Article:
Texas divorce cases are never easy, but can become even more complicated when one or both parents have mental health problems. Mental health problems may, but do not necessarily, affect a parent’s competence to testify or participate in the proceedings. Depending on the nature of the mental health problems, they may also affect the parent’s ability to care for the child.
In a recent case, a mother challenged a trial court’s order appointing the father as sole managing conservator. According to the appeals court’s opinion, the husband filed for divorce when the child was just eight months old. The trial court issued a temporary order appointing both parents temporary managing conservators. The father was working in Las Vegas at the time and was granted possession on weekends when he was in San Antonio, with the mother having the child the rest of the time. Both parents were ordered to participate in psychological evaluations.
The court limited the mother’s contact with the child to supervised visits after receiving the psychological evaluations. The child was to live with his paternal grandmother in San Antonio, but granted the father possession when he was in San Antonio.
The mother moved for an indefinite continuance five days before trial. She said she was making progress with her recovery but needed additional time. She also moved for modification of temporary orders. On the day of the trial, her attorney said the mother was ready to address her motions for modification but was not ready to go to trial. The attorney was unable to tell the court how much additional time was needed and the court denied the motion for continuance.
According to the evidence presented, the husband moved to Las Vegas due to a promotion. The wife joined him after the child was born. The husband stated she grew paranoid and violent with him. According to the court’s opinion, she attacked the father at times while he was holding the child. The father contacted the police and the mother was arrested two times. According to the opinion, the mother took the child back to San Antonio on a bus without telling the father she was leaving town.
The mother was diagnosed with schizophrenia and prescribed medication while the divorce case was pending. Her parents stated the medication was making her more focused. However, the mother had only exercised her visitation rights twice in three months.
The court granted the divorce and appointed the father sole managing conservator and the mother possessory conservator. The mother appealed.
The mother argued the court abused its discretion by denying the continuance due to Rule 601 of the Texas Rules of Evidence. Pursuant to Rule 601(a)(1), a witness is incompetent to testify if he or she is “insane” at either the time of the testimony or the time of the events about which he or she would testify. Although the mother had not cited Rule 601 or claimed she was incompetent to testify in her motion, the appeals court stated it would have rejected the argument even if it had been preserved. The court noted that competence to testify is presumed under Rule 601. The burden to prove a witness is incompetent is on the party who asserts incompetence. The mother, therefore, had the burden of proving she was incompetent. To prove a witness is incompetent, the party must prove the witness did not have the ability to perceive the relevant events, cannot recall or describe the events at the time of the testimony, or does not have the capacity to understand the obligation of the oath.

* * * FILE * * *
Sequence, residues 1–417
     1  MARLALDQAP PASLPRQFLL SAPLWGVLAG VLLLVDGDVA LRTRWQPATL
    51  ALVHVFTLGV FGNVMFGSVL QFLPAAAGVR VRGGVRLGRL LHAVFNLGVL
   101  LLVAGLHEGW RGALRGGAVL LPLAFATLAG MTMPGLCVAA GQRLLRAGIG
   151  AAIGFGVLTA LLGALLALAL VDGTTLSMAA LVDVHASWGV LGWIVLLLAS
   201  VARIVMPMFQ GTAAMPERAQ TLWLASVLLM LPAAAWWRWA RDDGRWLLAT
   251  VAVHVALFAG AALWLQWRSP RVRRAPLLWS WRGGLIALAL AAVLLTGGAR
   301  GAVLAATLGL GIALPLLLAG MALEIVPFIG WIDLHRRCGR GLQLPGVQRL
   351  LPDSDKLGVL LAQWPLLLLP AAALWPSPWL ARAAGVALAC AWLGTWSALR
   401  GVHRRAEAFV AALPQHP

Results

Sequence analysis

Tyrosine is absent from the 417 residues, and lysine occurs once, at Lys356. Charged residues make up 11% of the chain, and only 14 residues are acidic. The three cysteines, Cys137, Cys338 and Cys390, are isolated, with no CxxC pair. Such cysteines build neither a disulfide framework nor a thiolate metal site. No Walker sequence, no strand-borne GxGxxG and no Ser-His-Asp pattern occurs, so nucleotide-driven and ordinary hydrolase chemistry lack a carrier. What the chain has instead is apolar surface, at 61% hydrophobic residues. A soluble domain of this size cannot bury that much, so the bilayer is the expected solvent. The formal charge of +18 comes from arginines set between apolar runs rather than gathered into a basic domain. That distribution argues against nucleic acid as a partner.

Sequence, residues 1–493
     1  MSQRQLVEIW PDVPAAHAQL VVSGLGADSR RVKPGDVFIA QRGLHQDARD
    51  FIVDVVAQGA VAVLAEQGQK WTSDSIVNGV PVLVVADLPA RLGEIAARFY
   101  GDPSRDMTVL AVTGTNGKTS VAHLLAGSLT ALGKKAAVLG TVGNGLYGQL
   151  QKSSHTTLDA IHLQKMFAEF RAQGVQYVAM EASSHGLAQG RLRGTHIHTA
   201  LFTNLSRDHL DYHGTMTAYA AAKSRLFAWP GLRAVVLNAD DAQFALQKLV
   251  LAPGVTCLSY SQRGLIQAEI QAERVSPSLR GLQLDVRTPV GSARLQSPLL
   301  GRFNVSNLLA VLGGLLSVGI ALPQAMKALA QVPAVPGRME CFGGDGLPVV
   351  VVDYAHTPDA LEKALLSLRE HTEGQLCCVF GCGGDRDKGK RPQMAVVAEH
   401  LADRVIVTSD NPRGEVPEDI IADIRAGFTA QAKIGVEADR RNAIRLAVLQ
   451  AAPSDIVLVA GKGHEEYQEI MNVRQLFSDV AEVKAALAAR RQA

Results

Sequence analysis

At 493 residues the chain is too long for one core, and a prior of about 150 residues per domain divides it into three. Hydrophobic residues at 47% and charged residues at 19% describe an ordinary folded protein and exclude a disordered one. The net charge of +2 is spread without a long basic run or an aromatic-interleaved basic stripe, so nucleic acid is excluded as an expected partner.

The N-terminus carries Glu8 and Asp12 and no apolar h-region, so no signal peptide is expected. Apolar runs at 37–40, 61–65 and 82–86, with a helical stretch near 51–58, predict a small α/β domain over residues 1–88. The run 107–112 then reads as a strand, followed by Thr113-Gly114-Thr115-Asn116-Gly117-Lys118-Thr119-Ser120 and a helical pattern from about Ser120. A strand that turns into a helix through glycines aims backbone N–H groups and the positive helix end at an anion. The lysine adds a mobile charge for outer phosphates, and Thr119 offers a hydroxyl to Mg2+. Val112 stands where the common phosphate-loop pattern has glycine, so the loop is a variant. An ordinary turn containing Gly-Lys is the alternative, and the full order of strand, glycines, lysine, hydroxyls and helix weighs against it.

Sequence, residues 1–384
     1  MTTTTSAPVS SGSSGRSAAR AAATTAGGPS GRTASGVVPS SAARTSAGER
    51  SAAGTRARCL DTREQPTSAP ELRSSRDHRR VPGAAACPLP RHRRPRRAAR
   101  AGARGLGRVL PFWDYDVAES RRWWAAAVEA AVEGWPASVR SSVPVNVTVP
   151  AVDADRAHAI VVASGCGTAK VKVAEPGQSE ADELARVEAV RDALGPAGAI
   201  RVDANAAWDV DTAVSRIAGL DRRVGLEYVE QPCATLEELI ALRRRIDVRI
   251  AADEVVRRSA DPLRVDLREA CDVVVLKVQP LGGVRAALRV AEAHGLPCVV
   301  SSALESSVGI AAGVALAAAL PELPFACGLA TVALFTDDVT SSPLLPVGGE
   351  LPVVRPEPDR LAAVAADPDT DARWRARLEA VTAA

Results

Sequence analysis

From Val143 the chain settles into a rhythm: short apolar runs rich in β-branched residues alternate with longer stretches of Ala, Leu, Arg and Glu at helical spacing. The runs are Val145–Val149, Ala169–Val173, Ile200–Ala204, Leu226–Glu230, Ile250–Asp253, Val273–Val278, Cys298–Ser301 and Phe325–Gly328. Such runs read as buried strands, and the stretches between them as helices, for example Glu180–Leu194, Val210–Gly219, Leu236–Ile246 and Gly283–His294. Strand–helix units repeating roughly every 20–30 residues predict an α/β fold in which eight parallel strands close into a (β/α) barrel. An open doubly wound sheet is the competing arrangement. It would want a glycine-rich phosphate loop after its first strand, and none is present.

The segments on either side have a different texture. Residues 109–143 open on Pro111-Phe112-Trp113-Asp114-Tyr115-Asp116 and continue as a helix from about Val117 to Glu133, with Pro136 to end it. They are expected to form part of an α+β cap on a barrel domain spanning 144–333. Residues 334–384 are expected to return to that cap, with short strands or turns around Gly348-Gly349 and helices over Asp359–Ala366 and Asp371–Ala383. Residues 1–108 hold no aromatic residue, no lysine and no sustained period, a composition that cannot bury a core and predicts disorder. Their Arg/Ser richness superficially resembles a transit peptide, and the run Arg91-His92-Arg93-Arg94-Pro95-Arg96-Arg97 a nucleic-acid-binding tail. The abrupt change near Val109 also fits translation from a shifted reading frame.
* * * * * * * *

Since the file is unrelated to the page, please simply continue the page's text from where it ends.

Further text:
The mother here did not provide specific evidence regarding her competency generally or her ability to perceive, recall, or narrate the events. She also provided no evidence that she was unable to understand the obligation of the oath. The appeals court found no abuse of discretion because the mother did not meet the burden to show she was not competent to testify.
The mother also argued the trial court abused its discretion by making the father the sole managing conservator. Under Texas family law, the court may not appoint the parents joint managing conservators if there is credible evidence of a history of child neglect or physical abuse by one parent against the other. In this case, the court found “credible evidence of a history or pattern of past or present child neglect and physical abuse by” the mother against the child and the father.
There was evidence the mother had not taken the child to the doctor, and he was found to be underweight and have lead in his blood when he was finally examined. There was evidence she had refused to use a car seat at least once. There was also evidence she had hit and pushed the father while he was holding the child, causing him to fall with the child. The father had called the police several times due to the mother’s violence, and she had been arrested twice. The appeals court found sufficient evidence to support the decision.
The court also overruled the other issues raised by the mother and affirmed the trial court’s judgment.
If you are involved with a custody dispute involving mental health problems, a skilled Texas child custody attorney will help you fight for the best possible outcome for you and your child. Call McClure Law Group at 214.692.8200 to schedule a consultation.